IUL lawsuits: Are lawyers salivating over your E&O?Article added by Rodney Ballance on June 19, 2013
Rodney Ballance

Rodney Ballance

Branson, MO

Joined: September 22, 2011

There is a reason why we have to hold securities licenses to sell securities. It is a whole different world from selling fixed products. If you don’t have a full understanding of contributing factors and their direct and indirect impact on economic issues, you are playing with fire.

I know many of you will think this is an idiotic piece with absolutely no relevance to your business, but for those of you who actually take the time to understand what I’m about to say, take note.

Those of you who were in the insurance business in the 1990s and remember the days of high interest rates that provided us with the perfect sales scenario for universal life will absolutely understand my position.

Back in those days when interest rates dropped from the highs, policies sold at minimum premium that projected growth at the current rate suddenly required more money from the client to keep the contract in place. There were a lot of unhappy people, and some legal battles ensued.

The first thing we must all agree on is that the economy is cyclical in nature. What I mean is that when one area of the economy suffers, another is flourishing. Over a period of time, these economic issues change and actually reverse their impact. For example, when the stock market is up, interest rates are low.

I've never claimed to be an expert in IUL or indexed annuities, but I think I have a pretty good understanding of the basic premise of these products. I know many will comment with corrections, so I’ll just throw this out for consideration.

What happens to an IUL product during a period of little or no gain in the index to which it is tied? Isn’t that product safe because the company guarantees no loss for the period? You get no gain, but there is the secure feeling that you can’t lose your money, right?

What if there is an extended period of no growth? Will a client simply receive no return on their money during that period of time? As an example, what if a client purchases an IUL today while the S&P 500 is at a certain level? If, over the next five years, the index stays flat or loses value, what happens to the account value of the IUL?

If a client purchases this product based on illustrations showing tremendous returns over the past three years and realizes no growth over the next three years, will they be happy with that purchase? If they aren’t happy, won't they get hit with surrender charges if they want to move to something more predictable and profitable?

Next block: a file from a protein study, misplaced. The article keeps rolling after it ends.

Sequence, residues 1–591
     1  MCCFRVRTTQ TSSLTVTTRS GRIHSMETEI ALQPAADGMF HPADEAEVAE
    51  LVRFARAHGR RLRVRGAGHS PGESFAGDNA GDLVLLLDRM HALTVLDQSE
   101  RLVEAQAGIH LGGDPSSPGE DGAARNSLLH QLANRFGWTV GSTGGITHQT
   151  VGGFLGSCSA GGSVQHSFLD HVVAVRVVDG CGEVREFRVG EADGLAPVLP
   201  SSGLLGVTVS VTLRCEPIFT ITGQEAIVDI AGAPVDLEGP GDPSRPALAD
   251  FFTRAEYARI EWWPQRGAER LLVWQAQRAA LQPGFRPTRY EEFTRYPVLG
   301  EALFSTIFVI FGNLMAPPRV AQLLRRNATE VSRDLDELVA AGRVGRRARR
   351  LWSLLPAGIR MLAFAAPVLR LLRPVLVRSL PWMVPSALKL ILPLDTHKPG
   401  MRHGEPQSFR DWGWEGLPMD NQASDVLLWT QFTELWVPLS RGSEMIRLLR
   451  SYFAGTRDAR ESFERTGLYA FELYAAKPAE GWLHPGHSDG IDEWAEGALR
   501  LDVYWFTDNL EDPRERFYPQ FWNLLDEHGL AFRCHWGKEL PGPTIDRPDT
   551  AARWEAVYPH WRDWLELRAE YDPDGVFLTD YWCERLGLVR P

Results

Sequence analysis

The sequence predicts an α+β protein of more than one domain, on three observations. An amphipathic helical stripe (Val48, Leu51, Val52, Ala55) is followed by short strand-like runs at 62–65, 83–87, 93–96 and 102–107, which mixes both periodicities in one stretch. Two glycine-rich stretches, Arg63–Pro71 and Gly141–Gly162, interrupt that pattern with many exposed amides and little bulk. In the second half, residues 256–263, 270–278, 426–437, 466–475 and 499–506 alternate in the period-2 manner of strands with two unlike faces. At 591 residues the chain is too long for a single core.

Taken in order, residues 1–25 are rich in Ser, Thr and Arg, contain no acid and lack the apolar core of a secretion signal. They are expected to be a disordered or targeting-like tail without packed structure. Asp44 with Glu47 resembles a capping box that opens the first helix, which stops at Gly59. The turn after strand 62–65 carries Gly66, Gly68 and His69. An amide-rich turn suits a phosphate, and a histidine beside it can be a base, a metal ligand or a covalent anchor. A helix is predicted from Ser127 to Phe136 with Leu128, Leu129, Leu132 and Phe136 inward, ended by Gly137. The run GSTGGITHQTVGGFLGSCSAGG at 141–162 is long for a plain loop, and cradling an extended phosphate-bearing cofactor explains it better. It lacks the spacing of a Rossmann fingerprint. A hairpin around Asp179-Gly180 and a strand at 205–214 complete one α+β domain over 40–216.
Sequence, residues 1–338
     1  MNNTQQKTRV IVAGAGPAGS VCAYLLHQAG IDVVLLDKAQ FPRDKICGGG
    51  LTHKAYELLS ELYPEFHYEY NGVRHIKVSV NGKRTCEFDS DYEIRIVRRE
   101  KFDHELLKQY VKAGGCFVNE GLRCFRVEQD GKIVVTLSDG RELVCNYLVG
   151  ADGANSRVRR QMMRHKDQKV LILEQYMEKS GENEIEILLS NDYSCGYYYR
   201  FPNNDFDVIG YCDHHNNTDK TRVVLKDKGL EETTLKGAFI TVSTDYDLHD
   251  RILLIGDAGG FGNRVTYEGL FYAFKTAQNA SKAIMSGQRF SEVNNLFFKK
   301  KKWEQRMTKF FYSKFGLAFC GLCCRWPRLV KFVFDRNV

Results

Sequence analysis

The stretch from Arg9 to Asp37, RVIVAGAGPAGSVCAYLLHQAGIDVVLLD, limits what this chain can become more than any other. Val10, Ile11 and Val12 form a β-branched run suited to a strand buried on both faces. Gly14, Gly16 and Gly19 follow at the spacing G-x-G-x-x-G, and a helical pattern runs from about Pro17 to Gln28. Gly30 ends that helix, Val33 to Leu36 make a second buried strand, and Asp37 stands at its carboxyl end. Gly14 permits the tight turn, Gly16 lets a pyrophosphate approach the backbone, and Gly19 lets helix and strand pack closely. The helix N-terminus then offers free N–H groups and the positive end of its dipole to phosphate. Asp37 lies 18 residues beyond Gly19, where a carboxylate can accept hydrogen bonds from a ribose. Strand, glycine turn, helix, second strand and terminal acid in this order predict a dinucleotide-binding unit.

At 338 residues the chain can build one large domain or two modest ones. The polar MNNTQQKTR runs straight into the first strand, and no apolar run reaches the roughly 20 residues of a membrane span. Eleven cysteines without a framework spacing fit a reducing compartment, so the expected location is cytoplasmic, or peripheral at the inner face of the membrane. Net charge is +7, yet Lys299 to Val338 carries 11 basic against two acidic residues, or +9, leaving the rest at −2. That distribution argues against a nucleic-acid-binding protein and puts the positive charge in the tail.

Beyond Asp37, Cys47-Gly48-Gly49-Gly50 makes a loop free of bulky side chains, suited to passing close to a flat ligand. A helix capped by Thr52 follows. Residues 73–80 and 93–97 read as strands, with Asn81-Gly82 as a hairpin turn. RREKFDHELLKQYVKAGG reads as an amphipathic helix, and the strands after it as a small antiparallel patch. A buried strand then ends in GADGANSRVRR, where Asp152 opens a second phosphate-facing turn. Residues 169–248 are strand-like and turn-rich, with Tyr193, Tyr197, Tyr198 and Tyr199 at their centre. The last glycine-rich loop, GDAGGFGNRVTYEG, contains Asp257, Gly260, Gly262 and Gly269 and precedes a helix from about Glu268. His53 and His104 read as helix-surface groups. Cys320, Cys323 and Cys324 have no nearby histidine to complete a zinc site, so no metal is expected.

Please understand that I’m not trying to say, "Don’t sell indexed products," but I do want to raise awareness among my colleagues that we must be careful with these tools right now. It is evident that recent market growth will not last forever. In fact, I believe that before this summer is over, we could easily see a drop in the S&P and Dow of somewhere between 20 percent to 50 percent.
I further predict that, as a direct result of quantitative easing, America will see an inflationary economy that will take interest rates back to highs not seen since the 1980s. What will happen to your indexed products when the cycle reverses, and how will your clients view you and your advice?

There is a reason why we have to hold securities licenses to sell securities. It is a whole different world from selling fixed products. If you don’t have a full understanding of contributing factors and their direct and indirect impact on economic issues, you are playing with fire.

I do hope you will take this article in the way in which it was intended. I just want us to think beyond the sales rhetoric provided by the companies trying to profit from our efforts, and realize that economics, just like physics, is a science. For every action, there is an opposite and equal reaction.

Higher interest rates mean lower stock market values. Lower stock market returns mean little or no growth for your clients. Clients who are unhappy with the products you sold them means no positive referrals. No referrals mean your personal economy suffers.

Just be careful when using these tools, and make sure there is more protection for the client than just “You can’t lose your principle.” I fear the attorneys are already lining up to challenge these contracts, and I don’t want my friends to be caught up in the litigation feeding frenzy.

I look forward to your thoughts.
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